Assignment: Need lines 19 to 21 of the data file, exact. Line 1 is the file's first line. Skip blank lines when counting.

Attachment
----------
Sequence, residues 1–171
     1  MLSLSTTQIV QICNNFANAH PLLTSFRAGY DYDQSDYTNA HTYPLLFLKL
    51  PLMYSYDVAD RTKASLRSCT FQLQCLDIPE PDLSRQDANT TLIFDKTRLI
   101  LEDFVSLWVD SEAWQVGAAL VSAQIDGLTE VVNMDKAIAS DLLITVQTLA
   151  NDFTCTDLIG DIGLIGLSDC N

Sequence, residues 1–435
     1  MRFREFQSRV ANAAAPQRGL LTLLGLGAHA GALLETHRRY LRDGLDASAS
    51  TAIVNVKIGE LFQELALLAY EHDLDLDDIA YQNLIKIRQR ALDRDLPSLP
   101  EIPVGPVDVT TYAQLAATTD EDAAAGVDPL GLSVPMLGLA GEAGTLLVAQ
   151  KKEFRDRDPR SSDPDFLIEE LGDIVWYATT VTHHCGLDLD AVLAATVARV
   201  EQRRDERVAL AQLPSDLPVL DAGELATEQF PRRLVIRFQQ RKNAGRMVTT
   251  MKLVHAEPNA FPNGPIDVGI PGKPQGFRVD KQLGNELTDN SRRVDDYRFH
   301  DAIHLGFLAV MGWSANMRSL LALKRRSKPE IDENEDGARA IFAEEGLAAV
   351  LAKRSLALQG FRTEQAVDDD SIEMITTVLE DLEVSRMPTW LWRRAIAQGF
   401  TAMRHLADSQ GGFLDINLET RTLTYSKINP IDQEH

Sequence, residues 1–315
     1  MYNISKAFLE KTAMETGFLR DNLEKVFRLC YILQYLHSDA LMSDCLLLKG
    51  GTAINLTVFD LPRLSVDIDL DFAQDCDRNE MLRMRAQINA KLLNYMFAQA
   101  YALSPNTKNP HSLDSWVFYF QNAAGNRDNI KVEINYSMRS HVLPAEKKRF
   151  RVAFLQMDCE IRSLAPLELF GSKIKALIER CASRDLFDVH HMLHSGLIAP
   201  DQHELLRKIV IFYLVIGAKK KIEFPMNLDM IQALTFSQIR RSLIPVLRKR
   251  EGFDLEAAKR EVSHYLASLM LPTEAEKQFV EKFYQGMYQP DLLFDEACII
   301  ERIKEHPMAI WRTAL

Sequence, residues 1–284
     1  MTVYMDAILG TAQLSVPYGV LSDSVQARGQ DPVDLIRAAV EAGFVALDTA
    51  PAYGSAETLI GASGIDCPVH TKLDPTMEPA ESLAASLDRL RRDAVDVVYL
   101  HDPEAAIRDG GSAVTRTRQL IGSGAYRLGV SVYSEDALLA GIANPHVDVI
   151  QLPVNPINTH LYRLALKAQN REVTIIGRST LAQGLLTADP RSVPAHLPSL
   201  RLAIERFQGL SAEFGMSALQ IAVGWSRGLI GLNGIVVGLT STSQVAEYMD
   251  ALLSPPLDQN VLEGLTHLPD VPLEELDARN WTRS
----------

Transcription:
   101  YALSPNTKNP HSLDSWVFYF QNAAGNRDNI KVEINYSMRS HVLPAEKKRF
   151  RVAFLQMDCE IRSLAPLELF GSKIKALIER CASRDLFDVH HMLHSGLIAP
   201  DQHELLRKIV IFYLVIGAKK KIEFPMNLDM IQALTFSQIR RSLIPVLRKR